Sodano is internationally recognized as a leader in the fields of energy harvesting, multifunctional materials and nanotechnology, with 86 technical publications and more than $2 million in research awards. In only four years as an assistant professor he has developed a thriving research program and won numerous awards including the NSF CAREER award. He develops ingenious approaches to problem solving that advance applications while increasing our understanding of the basic mechanics of materials and systems.

Belitsky is already highly regarded worldwide as a brilliant theoretician who has had a remarkable impact in the field of sub-atomic physics. His work has inspired an experimental upgrade at the Continuous Electron Beam Accelerator Facility at the Jefferson Laboratory in Virginia. As a theoretical particle physicist and assistant professor at ASU since 2004, he has more than 80 publications and has been successful obtaining significant external support for his research.

Risseeuw has had a distinguished career as a socially involved printmaking artist, addressing issues that include political corruption, equal rights, environmental abuse, fascism, illegal wars and arms proliferation. For a recent body of work he traveled to war-torn countries and collected materials and stories, then crafted handmade paper from articles of clothing from landmine victims, on which he printed stories of survivors, horrific accounts of victims and appalling statistics. “Handmade Paper Landmine Prints” is a profound statement for our time.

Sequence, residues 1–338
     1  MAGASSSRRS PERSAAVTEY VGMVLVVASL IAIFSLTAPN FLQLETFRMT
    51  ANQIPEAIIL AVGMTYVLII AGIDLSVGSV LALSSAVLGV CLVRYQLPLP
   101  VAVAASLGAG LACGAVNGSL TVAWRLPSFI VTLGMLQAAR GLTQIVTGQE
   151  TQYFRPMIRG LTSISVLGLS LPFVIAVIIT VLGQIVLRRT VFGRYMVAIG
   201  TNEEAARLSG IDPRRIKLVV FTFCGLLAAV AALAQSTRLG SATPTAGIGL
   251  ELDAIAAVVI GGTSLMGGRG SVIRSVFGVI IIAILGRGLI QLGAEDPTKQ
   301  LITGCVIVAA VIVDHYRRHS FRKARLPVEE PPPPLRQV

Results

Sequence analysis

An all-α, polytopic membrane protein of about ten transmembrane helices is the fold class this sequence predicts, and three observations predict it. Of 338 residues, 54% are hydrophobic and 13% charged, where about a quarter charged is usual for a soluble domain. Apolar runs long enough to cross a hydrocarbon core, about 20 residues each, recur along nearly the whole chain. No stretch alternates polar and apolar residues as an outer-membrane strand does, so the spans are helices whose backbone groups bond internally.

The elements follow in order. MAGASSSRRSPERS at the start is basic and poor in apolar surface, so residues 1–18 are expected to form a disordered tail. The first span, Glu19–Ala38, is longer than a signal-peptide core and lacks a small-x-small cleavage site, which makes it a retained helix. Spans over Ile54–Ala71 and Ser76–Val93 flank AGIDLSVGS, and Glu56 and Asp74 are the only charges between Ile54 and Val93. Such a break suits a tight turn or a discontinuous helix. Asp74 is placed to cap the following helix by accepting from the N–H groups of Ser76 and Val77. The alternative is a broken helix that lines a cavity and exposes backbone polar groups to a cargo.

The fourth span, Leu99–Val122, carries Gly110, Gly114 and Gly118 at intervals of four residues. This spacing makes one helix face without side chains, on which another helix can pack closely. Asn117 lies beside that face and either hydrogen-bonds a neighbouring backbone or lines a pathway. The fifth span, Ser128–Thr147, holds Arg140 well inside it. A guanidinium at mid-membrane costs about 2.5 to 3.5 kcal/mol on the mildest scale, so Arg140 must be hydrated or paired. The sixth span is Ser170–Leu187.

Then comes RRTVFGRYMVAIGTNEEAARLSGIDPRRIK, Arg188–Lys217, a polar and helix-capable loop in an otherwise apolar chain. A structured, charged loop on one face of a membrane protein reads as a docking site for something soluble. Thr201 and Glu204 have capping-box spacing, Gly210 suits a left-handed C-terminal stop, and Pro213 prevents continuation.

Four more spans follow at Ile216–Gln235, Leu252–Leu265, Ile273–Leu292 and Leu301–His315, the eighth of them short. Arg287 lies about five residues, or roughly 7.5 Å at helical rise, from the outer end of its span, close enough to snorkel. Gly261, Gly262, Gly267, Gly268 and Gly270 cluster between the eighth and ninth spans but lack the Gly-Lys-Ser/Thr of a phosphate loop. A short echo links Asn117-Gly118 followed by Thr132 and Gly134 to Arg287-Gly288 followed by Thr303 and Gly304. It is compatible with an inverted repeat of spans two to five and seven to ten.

Larson is a highly engaging faculty member who champions student success in math, a difficult discipline area, and who uses a variety of strategies in her teaching approach that have increased undergraduate students’ math achievement scores. She also has developed technology tools to support her students in grasping course content, and has partnered with Liberty School District to prepare their teachers in effective math teaching methods. Her passion and enthusiasm, coupled with her effective teaching methods, are the basis for her students’ success.

Murphy, while teaching 475 undergraduate students in 30 creative writing courses over three years, planned, developed and implemented a literary magazine run by undergraduates, Superstition Review. The biannual online publication gives students a first-hand opportunity to learn about the field of publishing, and supports the school’s degree program in literature, writing and film. Students interview famous writers from across the country, and they edit, design and promote the publication, gaining experience and technological skills far beyond most undergraduate humanities programs.

Corman, Ponce, Kitch and Belitsky are in the College of Liberal Arts and Sciences. Decker is in the College of Public Programs, Sodano in the Ira A. Fulton School of Engineering, Risseeuw in the Herberger College of the Arts and Larson in the College of Teacher Education and Leadership.